MAY 21, 2024 4:00 PM PDT

Are you wearing the first device to be FDA-approved under the MDDT program?

WRITTEN BY: Greta Anne

Atrial fibrillation (AFib) is a prevalent cardiac arrhythmia associated with significant morbidity and mortality. Continuous monitoring for AFib is essential for early detection and management to prevent complications such as stroke and heart failure. The Apple Watch offers an irregular rhythm notification (IRN) feature, utilizing photoplethysmography, to identify prolonged episodes of irregular rhythm suggestive of AFib. The watch also has an AFib history feature, where the wearer is able to track their heart events; this gives the patient an estimate of the frequency and duration of their irregular heartbeats.

The United States Food and Drug Administration recently approved the Apple Watch as the first digital health technology under the Medical Device Development Tools program to check estimates of AFib in the context of clinical studies. This is groundbreaking, as Apple is the first company to have an FDA-approved medical health technology tool, and the Apple Watch is a pioneer in its realm. 

In this study published in the Journal of Cardiovascular Electrophysiology, participants with a history of nonpermanent AFib and either an insertable cardiac monitor (ICM) or cardiac implanted electronic device (CIED) were enrolled and fitted with an Apple Watch Series 5 for six months. AFib episodes detected by ICM/CIED were compared to those detected by IRN. Primary endpoints included sensitivity, specificity, positive predictive value (PPV), and negative predictive value (NPV) of IRN by subject for AFib episodes lasting ≥1 h.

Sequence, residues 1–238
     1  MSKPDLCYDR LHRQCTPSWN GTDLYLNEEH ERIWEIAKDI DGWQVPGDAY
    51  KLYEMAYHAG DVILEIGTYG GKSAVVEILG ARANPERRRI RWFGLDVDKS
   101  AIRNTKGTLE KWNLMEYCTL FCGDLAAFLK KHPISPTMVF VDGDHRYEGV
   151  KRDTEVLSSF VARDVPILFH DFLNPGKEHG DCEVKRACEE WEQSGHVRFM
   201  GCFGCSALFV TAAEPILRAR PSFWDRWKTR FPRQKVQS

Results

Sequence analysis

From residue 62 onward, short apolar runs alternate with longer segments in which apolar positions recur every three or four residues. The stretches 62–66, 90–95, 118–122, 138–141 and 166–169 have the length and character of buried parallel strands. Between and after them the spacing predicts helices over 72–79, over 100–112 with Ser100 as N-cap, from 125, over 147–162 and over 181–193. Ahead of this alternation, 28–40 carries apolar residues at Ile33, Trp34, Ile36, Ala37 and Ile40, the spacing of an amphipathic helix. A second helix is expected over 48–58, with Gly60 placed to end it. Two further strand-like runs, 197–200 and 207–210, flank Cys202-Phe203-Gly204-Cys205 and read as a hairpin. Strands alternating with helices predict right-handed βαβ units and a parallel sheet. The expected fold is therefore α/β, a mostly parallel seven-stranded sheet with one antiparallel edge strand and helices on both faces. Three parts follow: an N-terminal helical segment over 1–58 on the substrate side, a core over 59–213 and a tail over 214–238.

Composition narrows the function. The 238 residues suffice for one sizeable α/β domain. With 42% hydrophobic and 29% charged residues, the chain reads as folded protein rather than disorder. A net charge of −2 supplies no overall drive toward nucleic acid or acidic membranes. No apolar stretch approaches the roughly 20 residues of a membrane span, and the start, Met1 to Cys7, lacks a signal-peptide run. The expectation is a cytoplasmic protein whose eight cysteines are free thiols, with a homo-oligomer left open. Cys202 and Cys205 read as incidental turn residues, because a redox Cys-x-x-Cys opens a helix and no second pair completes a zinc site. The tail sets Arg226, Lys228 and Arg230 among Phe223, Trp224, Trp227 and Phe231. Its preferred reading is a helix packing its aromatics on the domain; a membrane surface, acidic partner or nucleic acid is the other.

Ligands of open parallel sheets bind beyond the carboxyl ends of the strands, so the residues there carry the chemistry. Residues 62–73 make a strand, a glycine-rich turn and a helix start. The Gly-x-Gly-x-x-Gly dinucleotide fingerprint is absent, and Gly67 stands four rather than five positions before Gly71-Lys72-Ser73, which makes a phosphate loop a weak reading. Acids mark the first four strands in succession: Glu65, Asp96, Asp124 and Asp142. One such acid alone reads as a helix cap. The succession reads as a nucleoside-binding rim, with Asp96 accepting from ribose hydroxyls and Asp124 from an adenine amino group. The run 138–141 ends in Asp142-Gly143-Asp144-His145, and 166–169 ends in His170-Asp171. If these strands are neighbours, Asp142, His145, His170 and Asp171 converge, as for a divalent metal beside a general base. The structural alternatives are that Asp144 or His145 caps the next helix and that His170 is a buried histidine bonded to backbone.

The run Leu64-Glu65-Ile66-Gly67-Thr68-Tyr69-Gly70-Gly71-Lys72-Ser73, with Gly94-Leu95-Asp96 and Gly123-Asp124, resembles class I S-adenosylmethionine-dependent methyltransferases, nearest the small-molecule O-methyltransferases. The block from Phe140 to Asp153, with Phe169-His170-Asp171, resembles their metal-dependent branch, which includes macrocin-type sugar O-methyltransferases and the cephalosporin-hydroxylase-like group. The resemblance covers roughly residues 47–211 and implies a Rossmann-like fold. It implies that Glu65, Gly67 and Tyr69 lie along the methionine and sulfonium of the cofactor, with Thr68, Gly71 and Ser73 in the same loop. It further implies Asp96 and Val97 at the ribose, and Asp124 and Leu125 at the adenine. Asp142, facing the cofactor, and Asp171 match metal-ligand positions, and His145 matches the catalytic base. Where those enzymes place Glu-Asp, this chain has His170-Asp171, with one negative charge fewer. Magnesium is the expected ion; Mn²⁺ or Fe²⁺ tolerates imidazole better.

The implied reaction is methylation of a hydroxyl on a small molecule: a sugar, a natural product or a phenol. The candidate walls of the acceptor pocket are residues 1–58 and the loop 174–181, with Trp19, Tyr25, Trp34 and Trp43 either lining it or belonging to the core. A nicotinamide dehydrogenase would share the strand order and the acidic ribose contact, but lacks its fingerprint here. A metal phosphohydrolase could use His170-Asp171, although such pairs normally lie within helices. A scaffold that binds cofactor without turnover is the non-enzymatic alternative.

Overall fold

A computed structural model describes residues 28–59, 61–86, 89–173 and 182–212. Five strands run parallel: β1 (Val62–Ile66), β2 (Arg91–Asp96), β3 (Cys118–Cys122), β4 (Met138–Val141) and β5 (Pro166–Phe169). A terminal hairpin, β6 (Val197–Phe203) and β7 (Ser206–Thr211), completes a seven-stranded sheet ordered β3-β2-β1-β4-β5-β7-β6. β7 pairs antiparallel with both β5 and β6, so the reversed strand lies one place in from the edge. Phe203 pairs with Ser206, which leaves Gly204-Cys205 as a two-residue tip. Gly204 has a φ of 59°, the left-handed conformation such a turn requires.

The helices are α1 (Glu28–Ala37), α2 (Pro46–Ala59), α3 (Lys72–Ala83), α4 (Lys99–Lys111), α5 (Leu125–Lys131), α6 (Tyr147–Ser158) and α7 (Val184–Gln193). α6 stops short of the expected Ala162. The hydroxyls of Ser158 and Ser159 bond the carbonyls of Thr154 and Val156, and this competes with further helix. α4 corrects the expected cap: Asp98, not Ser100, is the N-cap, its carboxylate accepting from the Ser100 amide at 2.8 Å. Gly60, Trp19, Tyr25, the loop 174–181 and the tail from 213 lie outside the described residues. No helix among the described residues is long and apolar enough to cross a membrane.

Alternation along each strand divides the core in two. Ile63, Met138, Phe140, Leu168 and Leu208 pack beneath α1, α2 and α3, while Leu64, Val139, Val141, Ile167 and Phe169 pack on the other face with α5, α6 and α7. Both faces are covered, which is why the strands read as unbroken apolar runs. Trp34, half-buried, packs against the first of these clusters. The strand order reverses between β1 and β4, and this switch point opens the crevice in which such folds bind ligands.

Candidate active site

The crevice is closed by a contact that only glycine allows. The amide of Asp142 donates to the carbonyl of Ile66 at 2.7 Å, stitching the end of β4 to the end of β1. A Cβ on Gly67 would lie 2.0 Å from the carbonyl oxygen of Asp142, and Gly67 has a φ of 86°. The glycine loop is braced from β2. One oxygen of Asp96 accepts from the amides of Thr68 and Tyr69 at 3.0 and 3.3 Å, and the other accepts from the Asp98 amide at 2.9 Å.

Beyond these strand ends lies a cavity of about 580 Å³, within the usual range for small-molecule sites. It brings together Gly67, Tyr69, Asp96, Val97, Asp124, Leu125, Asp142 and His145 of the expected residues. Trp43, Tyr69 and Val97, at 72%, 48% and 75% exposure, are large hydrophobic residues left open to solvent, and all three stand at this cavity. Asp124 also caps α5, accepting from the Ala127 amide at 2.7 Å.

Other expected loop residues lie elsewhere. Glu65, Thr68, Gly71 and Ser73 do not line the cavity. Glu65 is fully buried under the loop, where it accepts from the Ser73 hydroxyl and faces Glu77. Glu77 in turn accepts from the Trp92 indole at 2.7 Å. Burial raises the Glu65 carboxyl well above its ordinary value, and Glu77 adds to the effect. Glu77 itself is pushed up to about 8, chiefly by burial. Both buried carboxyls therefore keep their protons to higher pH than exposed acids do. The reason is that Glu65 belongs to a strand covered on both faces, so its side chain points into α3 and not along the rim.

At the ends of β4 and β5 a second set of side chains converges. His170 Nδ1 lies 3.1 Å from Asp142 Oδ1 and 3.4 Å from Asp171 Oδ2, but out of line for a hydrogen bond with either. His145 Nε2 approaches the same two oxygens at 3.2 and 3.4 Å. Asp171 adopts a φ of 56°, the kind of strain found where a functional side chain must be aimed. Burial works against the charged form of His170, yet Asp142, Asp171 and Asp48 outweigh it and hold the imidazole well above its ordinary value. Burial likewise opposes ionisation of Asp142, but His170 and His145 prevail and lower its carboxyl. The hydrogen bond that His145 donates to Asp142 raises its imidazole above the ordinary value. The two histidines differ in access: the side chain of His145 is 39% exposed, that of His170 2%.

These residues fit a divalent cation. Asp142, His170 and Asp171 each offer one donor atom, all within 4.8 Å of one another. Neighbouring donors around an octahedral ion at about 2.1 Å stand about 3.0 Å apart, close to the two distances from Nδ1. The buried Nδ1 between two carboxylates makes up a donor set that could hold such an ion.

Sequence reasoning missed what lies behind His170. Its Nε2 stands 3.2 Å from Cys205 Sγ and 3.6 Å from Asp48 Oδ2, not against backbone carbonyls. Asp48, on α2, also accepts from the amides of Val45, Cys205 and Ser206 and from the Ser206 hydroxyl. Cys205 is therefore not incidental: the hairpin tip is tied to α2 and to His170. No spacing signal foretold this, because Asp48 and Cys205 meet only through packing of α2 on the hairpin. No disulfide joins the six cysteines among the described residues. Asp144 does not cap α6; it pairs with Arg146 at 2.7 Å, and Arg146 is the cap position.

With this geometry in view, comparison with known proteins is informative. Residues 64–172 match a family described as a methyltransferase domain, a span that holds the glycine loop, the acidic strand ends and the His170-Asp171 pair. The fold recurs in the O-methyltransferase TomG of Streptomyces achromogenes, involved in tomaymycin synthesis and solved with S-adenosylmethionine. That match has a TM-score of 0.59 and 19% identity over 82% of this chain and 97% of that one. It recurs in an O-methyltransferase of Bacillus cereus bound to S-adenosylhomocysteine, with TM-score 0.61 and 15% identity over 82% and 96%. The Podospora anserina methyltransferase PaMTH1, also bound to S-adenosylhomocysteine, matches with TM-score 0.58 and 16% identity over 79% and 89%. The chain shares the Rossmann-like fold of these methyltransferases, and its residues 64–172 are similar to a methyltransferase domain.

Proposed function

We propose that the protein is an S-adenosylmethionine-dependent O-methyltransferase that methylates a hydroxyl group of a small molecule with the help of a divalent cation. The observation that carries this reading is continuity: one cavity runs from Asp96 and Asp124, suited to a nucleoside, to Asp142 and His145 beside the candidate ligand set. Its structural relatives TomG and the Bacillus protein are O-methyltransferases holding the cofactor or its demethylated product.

The study revealed a low false positive rate and high specificity of IRN for detecting AFib in patients with known AFib. However, sensitivity, particularly for shorter AFib episodes, was modest. These findings suggest that while IRN may be effective for AFib screening in individuals without prior AF, its utility for disease management in those with known AFib may be limited by lower sensitivity. Moreover, the study highlighted the importance of continuous wear and improved algorithm sensitivity to enhance IRN's effectiveness in detecting AFib, especially for shorter episodes.

The Apple Watch IRN demonstrated high specificity but modest sensitivity for detecting AFib in patients with known AFib. While it may serve as a useful screening tool, its accuracy for disease management in this population requires further improvement. Future advancements focusing on continuous wear and enhanced algorithm sensitivity may enhance IRN's effectiveness in detecting AFib and facilitating timely intervention to prevent adverse outcomes.

Sources: Center for Disease ControlJournal of Cardiovascular ElectrophysiologyUnited States Food and Drug Administration

About the Author
Doctor of Pharmacy (PharmD)
Greta holds her PharmD and is a writer at Labroots. She also has a strong background in neuroscience & psychology. When she is not working as a pharmacist or a writer, she enjoys fostering her creative initiatives such as traveling, working out, spending time at the beach, and cooking!
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